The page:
In As I Lay Dying William Faulkner appears unhappy with how people understand or misunderstand and use or misuse their religion. Through a careful study of their narratives, consider what problems Faulkner might find inherent in religion and how those characters who express religious feeling should actually behave.
I. Thesis Statement: Though a number of characters in the novel express belief in God, most of their religious feeling is misdirected or self-serving and falls short of being, what Cora Tull calls, “pure religious.”
II. Cora Tull
A. Hymn singing
B. Use of Bible quotes
C. Her relationship/place with God, as she sees it
D. Her view/opinion of others, in terms of her religion
E. Her views on death/Great Unknown
F. Her interpretation of our purpose in life
III. Anse Bundren
A. How he interprets his place in God’s eyes
B. How he understands God’s will
C. His use of the Lord’s name (when and how he uses it)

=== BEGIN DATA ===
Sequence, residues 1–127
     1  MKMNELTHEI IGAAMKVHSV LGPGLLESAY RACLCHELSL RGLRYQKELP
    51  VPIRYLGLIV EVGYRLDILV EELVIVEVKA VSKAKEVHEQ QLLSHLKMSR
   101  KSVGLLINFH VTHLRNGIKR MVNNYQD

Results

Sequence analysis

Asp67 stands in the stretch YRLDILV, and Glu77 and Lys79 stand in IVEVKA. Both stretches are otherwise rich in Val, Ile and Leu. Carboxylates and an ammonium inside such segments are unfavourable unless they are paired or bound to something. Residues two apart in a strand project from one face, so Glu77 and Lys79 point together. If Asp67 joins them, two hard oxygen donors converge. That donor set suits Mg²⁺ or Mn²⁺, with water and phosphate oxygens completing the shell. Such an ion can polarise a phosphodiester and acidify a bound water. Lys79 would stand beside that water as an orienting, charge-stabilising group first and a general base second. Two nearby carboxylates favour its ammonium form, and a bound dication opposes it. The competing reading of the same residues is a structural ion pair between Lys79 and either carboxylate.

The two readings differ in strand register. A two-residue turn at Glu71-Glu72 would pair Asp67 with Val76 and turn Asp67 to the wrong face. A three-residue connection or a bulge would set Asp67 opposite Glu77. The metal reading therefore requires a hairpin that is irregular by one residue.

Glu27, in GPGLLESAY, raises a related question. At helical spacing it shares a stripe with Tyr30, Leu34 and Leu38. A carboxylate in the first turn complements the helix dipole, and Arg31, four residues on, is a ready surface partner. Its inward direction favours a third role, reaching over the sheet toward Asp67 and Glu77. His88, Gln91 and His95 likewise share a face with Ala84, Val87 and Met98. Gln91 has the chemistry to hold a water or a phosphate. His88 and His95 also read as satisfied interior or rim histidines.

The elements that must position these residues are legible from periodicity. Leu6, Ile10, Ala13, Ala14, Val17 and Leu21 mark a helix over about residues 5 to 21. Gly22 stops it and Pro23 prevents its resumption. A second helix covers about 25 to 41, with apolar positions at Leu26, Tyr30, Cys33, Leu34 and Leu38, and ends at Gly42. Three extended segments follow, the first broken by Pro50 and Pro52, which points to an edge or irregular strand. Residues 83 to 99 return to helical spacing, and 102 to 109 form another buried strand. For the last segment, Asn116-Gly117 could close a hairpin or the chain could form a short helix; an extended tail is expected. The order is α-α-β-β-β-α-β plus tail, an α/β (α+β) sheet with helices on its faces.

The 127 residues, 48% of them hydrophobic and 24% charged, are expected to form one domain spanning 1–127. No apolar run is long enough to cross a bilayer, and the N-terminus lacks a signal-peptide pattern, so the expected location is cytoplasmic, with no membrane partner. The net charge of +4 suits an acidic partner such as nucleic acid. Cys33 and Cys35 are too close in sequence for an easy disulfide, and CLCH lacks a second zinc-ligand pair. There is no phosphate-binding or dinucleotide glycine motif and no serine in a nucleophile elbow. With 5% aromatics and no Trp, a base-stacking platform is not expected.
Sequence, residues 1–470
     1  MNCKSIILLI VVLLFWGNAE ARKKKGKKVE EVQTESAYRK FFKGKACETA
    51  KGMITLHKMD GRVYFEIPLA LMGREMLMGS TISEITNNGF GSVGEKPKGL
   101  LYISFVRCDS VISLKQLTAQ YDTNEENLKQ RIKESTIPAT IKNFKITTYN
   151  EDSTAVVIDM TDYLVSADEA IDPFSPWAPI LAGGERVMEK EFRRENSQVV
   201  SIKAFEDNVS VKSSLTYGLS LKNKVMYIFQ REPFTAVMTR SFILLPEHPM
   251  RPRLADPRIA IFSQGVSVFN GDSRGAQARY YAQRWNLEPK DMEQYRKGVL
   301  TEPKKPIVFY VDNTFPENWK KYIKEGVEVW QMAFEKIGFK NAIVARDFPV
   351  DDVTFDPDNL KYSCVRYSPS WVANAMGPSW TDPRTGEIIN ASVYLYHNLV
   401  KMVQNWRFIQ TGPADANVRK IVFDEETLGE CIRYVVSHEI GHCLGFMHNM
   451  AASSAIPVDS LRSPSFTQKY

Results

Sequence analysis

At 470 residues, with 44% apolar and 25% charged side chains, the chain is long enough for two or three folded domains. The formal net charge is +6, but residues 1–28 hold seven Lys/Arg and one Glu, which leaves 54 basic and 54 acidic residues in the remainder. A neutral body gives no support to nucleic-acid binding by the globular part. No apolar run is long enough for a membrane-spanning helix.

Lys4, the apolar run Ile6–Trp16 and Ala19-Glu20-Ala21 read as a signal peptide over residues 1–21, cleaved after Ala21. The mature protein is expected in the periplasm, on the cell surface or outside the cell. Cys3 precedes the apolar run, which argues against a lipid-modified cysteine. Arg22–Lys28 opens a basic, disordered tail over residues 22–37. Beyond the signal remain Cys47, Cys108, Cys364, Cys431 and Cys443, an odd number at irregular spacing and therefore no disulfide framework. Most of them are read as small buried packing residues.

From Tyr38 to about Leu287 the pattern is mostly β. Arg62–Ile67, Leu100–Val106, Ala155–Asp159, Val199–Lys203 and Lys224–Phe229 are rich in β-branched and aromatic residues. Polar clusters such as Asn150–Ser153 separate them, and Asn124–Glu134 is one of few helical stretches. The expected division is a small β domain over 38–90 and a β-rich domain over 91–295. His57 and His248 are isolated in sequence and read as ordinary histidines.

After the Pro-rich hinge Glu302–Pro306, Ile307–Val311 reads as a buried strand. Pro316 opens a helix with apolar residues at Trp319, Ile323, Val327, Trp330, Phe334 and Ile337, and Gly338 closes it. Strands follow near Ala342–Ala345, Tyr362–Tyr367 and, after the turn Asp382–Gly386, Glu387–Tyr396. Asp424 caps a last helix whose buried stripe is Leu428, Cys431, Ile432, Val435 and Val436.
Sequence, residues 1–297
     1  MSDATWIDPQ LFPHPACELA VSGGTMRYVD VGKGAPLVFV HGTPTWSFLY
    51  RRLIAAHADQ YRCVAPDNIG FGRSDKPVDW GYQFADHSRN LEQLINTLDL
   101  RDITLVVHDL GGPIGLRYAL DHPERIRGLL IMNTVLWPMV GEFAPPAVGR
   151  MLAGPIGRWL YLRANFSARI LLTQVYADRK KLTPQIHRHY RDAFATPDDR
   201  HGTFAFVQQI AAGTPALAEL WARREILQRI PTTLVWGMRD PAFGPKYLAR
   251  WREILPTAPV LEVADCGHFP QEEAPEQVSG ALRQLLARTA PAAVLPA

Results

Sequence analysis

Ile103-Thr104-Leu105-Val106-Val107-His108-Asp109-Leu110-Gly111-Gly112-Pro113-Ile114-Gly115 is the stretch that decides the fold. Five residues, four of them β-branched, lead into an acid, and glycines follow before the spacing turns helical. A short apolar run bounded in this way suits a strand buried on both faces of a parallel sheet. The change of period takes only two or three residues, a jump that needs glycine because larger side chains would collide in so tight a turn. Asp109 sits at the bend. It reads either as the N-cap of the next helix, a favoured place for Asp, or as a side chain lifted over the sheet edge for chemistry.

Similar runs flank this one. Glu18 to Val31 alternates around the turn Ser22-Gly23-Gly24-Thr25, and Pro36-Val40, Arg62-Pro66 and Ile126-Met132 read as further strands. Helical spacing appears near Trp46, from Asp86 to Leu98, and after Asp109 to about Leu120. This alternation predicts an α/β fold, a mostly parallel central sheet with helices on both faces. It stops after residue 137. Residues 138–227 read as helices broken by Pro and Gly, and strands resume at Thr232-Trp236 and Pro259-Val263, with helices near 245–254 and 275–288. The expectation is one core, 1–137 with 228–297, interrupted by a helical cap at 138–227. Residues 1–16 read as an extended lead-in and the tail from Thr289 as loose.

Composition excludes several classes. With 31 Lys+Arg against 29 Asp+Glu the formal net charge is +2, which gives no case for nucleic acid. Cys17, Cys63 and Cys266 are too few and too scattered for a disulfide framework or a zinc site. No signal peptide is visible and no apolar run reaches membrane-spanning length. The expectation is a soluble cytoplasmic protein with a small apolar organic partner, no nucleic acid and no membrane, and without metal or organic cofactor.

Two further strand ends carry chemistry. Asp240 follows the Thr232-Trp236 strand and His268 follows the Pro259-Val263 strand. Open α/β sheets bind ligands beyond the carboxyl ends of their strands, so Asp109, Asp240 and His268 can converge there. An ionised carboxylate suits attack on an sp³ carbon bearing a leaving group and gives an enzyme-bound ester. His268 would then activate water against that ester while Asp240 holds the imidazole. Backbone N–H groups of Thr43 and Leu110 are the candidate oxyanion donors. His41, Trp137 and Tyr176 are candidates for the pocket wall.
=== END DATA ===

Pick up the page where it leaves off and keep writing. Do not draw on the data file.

D. His view of our purpose in life
A. What his role in the community is/has been
B. How Cora Tull views his role
C. How he views his role
D. How Addie views him
E. His sin or hypocrisy
A. His view of God
B. His use of anti-religious language/terminology
VI. Dewey Dell
A. Her motivation for believing in God
B. Her view of what God does for people
C. How she uses her church-going clothes
VII. Conclusion: Faulkner feels that religion is meaningless if its ultimate purpose is personal gain or it is empty if its teachings become mere words without human understanding.
Darl Bundren is a complex character who can be viewed as mysterious or menacing, sympathetic or deranged. Through a careful examination of Darl’s narratives and those narratives which describe him, try to establish the “true” character of Darl.
I. Thesis Statement: Though others consider Darl to be...
(The entire section is 2505 words.)